In one of my recent articles, we looked at whether we should upgrade Exchange 2010 to Exchange 2016, Office 365, or Hosted Exchange. In this article, we take a different approach. Here we will examine whether you should build a brand-new Exchange 2016 or Exchange 2019 server, which means you will export all your email to PST files and remove your domain including all your Exchange servers, or just do a migration and import the PST files.
Jumping to conclusions about the double-hop
On the forums, Microsoft and third parties, I am starting to see a trend. IT admins don’t seem to want to spend the time performing new installations of Exchange or doing double-hop migrations. What is a double-hop? If you are running Exchange 2010, the highest Exchange version you can migrate to is Exchange 2016. You then need to remove Exchange 2010 completely before you can introduce Exchange 2019. Yes, this is a lot of work, especially when you dealing with thousands of mailboxes. It can take you as much as three months to migrate to Exchange 2016 and then you have to do it all again to get to Exchange 2019.
But here’s a question you should ask yourself: Doesn’t exporting mailboxes to PST actually take longer? What about the risk of corruption of those PST files especially when they are 100GB or higher? Both options take up storage, but if you migrate you get rid of the whitespace on the Exchange 2010 databases. Other questions that come to mind are: SLA? Compliance? Risk of data loss?
How do you explain to your CEO that all his or her email is gone because you exported the mail to a PST file and now you cannot access it? Some might say, well, there are scripts that allow you to split the PST files into smaller ones and then do imports. Yes, Exchange 2019 has that feature where you can drop the PST file with the name as the email address and it will pick it up and import it, but the time it’s going to take to do exports vs. installs is still the important question.
A vote for migrations
I prefer migrations for an Exchange 2010 upgrade as Exchange controls the moves. Yes, you might have corruption in the mailbox and lose a few emails but as mentioned you get to start with a clean database. But migrations involve planning, and this includes:
- NameSpace, new or the same.
- Newer hardware to host the more demanding exchange servers.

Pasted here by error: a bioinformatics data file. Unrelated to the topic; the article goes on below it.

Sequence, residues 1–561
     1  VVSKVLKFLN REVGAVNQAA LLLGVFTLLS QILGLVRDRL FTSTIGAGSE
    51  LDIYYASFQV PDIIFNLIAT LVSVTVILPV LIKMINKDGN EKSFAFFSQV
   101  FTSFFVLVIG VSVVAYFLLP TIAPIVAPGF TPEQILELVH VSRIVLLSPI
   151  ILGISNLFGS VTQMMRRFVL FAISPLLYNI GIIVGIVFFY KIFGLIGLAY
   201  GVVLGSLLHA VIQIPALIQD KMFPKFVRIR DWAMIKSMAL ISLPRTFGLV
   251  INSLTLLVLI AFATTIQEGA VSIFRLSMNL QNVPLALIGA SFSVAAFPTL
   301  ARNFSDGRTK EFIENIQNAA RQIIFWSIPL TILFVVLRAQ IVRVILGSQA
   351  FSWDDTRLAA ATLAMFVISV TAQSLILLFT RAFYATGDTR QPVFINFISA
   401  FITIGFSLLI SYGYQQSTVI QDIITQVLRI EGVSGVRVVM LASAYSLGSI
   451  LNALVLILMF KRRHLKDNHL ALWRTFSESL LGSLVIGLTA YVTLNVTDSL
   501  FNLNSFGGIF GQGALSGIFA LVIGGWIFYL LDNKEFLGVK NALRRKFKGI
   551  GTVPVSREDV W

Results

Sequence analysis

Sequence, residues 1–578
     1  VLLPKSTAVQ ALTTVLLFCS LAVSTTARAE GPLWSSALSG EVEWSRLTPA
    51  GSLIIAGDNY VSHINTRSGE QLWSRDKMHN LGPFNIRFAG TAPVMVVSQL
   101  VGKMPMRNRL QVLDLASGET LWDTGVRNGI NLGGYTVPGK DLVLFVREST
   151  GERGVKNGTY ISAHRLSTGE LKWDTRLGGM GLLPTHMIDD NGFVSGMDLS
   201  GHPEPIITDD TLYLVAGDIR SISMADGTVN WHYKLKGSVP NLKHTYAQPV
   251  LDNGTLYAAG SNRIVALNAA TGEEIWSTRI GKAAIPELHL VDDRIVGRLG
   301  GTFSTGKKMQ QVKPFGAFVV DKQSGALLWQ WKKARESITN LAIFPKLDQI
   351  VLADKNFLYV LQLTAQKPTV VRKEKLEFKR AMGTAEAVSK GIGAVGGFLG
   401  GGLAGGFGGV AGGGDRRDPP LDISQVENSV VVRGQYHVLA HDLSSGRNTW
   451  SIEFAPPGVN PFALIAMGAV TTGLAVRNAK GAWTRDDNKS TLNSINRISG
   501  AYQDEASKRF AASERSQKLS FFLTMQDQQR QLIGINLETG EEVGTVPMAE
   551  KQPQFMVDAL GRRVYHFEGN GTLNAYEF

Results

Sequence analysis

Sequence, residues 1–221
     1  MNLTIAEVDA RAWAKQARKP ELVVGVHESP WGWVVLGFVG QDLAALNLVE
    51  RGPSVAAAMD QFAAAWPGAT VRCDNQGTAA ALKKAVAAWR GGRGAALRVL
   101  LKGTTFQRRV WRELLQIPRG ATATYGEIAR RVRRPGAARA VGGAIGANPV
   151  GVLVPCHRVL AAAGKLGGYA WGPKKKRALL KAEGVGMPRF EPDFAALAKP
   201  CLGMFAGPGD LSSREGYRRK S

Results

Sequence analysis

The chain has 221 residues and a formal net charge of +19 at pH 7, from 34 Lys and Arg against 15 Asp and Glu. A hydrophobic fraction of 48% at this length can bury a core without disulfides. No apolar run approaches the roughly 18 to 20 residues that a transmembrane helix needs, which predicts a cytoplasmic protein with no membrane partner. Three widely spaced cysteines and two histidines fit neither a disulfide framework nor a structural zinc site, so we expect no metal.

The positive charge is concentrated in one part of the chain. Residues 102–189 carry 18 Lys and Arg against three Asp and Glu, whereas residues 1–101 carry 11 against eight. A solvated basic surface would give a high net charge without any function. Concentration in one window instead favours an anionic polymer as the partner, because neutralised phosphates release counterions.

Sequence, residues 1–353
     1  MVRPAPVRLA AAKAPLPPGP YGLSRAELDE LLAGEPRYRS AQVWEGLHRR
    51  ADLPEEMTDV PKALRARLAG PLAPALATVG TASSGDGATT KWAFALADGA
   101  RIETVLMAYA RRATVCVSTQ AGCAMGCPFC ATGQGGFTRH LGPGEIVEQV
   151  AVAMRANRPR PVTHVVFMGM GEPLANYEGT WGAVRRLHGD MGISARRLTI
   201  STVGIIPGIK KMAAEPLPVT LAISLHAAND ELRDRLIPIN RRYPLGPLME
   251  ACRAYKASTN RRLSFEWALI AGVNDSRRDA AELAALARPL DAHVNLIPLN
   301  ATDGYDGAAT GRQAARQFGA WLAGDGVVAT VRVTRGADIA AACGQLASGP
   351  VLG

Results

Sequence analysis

- SSD disks vs. conventional disks.
- Firewall rule upgrades.
- Load balancer upgrades or changes. If you use F5, you will need to ensure you have a valid license and support (and version 15 is now available with a whole lot more features). Maybe you use Kemp. If so, you need to plan the changes or bring in new ones. Is it cheaper to purchase additional VMs or physical ones?
- Domain controller upgrades to support the newer version.
- Client upgrades of Office packages.
As you can see, there is quite a bit of planning to be done. If you have remote branches, this makes it a bit more tricky and prolongs the upgrades as companies generally leave the branch offices until last and focus on the head office.
Now let’s take a look at this new approach. You can spend many hours exporting mail to PST or you just take the bull by the horns and shut down and delete everything and build new domain controllers with new Exchange servers. You create all the new mailboxes — can be from a script or manually — and then you end up using a third-party software to open the EDB files and export to PST.
This means users coming in will have no access to the old profiles machine-wide. Not only that, but because you going to create a new profile to login to the new domain, Outlook won’t be configured.
Exchange 2010 upgrade: Avoid the chaos
All I see is chaos. You have brought down the company. Forget about the fact that you need to configure everything on Exchange and get mail-flow working and URLs setup again, you have locked users out of everything: printing, accessing old information — the list just grows. Users who are configured have blank mailboxes as you are still trying to do exports. They cannot work or follow-up on anything, the CEO does not know what meetings he has to attend as the account on his phone no longer works and he has lost his calendar.
Please do not go this route. There is just so much that can go wrong. The best approach is to talk to your CAB (change advisory board), advise them that you will be doing multiple hops as the company wants to move to the newer Exchange versions and domain controllers. Build a timeline, plan it, communicate with your end-users so they know what is going on. If they understand, it will make it easier. Yes, they will complain about the changes, but at least you are not leaving them in the dark, let alone getting yourself fired because you want to take the quickest route.
Exchange migrations are never quick, but with the correct planning, they can be done without you losing any files or you losing your jobs. Make sure you set up schedules of what will happen and when it will happen so nobody’s surprised.
Featured image: Shutterstock